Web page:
Much stress in the Little House these last two weeks as three of the family took on nerve-racking challenges. There is, of course, some unwritten law that all these events should conspire to occur during the same 14 day period. Although I was the only member of the family not about to have some sort of test or interview, as wife and mother (aka chief family administrator) I was required to help calm nerves, assist in preparation, provide moral-boosting pep talks and if that didn't work, a comforting hug.
|Cooking in wellies; a practical solution|
I thought at one point that the kitchen floor may end up with more icing on it than the cake and the bright blue colouring was smeared across her cheeks like some kind of banshee face-painting. The cake was delightful but the mess was of the 'go and lie down in a dark room' variety. Sadly, it didn't win but S coped with the disappointment well and even managed to congratulate the winner.
|The Sunset Cake|
On a more countrywide level H auditioned for the National Youth Theatre. I was full of pride that she could even contemplate standing on a stage in front of strangers without being sick but, not only did she deliver her monologue word perfect, she also managed to complete, and enjoy the three hour workshop (code for more auditions). I would be over the moon if she got in but I am also a realist and know that the statistics make it a very slim chance indeed. We will have to wait a further six weeks before we find out.
|Fabbydoo wanted to be in the audition head shot too|
As these busy weeks played out and the anxiety increased, I tried to analyse what it was exactly that makes being on the sidelines so stomach churning. I decided that despite what anyone may say about how challenges are character building, I think it would be hard to find a parent who wanted life to be difficult for their child. Competition makes us vulnerable; we open up ourselves to be judged and risk the hurt and disappointment if we don't quite make the grade. When our children or partners go through this process we feel judged as well and share their feelings in some strange love-tied symbiosis. We question ourselves - How can we help? Have we done enough? Will they manage? I guess the answer lies in developing that all important life skill - resilience. The dictionary defines resilience as the capacity to adjust, withstand and recover from stress or adversity. It does not say anything about shielding or protecting from stress and disappointment, no matter how much our instinct tells us to do so. And to teach resilience we need lots of it ourselves. I think this is something I definitely need to work on but for now I'm going to celebrate with some champagne and some of that tongue-staining cake as L got the job! I'm sure he will need lots of resilience to cope with the challenges a new job brings but that's to worry about another day.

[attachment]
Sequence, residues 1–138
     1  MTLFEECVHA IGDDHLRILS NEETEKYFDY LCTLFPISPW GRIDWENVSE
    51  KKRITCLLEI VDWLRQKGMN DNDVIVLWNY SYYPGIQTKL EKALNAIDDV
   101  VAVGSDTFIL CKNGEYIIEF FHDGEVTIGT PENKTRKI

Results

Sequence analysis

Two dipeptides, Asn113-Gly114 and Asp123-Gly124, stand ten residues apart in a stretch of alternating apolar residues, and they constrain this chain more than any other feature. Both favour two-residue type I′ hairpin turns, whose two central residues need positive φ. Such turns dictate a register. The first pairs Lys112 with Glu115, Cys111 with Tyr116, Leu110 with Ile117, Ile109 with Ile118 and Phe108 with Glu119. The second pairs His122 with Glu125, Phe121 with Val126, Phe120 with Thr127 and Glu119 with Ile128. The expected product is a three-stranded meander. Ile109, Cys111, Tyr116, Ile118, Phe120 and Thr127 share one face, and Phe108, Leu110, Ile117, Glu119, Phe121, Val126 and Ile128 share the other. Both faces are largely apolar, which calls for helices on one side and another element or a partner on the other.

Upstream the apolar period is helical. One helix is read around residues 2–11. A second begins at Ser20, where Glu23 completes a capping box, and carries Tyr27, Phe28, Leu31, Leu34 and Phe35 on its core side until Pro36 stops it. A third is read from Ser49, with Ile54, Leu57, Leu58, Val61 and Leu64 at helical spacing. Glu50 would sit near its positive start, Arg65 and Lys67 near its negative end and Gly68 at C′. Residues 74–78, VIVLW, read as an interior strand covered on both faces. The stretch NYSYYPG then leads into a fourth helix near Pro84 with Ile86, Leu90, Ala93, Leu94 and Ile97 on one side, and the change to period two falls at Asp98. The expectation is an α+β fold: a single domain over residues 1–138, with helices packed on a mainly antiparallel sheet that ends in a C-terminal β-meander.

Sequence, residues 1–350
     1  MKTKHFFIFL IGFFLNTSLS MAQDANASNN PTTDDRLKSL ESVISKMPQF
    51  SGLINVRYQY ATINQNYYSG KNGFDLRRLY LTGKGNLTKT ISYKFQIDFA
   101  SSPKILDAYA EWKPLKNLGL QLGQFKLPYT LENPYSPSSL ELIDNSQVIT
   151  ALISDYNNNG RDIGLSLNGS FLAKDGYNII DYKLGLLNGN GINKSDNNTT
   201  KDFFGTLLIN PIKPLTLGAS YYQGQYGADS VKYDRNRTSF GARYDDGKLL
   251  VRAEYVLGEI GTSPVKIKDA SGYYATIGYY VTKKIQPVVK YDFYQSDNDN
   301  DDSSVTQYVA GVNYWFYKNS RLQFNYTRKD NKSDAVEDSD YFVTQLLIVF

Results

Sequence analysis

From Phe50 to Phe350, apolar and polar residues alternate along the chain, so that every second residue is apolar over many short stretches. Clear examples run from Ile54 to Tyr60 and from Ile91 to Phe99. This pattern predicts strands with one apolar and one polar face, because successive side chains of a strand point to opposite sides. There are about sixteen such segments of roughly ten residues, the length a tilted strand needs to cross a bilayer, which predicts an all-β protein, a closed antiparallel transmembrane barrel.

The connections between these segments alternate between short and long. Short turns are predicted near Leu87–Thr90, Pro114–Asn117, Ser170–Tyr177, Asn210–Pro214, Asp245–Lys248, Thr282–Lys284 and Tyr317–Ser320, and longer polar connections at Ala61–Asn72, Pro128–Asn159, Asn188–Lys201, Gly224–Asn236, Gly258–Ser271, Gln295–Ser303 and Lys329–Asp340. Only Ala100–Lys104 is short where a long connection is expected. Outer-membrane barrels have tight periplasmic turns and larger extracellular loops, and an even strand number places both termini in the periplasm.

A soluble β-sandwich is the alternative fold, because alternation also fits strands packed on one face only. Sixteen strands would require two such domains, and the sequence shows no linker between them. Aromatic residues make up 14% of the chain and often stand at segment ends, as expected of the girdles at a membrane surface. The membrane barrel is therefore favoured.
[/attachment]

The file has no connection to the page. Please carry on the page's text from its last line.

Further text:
|Our collection of celebratory corks!|